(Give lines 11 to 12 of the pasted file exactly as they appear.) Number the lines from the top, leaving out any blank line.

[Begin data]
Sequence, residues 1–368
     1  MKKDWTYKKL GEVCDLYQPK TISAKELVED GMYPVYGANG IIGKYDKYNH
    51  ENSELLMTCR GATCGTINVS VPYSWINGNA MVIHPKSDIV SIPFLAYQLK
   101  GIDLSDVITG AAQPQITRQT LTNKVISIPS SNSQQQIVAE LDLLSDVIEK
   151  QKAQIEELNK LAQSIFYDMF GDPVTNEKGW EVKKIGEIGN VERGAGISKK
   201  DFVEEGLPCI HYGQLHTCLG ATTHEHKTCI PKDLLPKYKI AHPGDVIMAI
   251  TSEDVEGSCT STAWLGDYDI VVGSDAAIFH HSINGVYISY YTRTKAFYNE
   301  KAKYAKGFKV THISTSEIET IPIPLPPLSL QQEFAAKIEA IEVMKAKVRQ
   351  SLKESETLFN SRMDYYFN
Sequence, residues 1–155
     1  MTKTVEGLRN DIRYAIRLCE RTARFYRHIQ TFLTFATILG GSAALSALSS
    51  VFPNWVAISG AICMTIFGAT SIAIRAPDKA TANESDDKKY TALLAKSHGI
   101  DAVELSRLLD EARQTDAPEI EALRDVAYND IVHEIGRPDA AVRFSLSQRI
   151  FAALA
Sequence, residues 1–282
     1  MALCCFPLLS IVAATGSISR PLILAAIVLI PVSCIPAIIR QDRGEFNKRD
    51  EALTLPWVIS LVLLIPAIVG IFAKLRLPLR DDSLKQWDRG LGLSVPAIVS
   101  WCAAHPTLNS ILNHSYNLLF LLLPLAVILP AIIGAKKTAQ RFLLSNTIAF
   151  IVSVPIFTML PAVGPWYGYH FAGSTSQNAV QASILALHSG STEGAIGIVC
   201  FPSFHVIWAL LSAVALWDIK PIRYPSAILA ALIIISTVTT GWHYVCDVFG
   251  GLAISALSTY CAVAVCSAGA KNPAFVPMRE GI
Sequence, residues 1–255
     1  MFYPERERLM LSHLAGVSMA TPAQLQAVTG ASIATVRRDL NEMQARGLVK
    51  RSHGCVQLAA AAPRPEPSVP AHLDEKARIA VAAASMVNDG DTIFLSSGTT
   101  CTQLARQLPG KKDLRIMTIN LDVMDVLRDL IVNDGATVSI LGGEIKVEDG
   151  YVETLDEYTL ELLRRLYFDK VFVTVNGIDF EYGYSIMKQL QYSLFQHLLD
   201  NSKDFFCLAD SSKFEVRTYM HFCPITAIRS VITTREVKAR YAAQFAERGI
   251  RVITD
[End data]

     1  MTKTVEGLRN DIRYAIRLCE RTARFYRHIQ TFLTFATILG GSAALSALSS
    51  VFPNWVAISG AICMTIFGAT SIAIRAPDKA TANESDDKKY TALLAKSHGI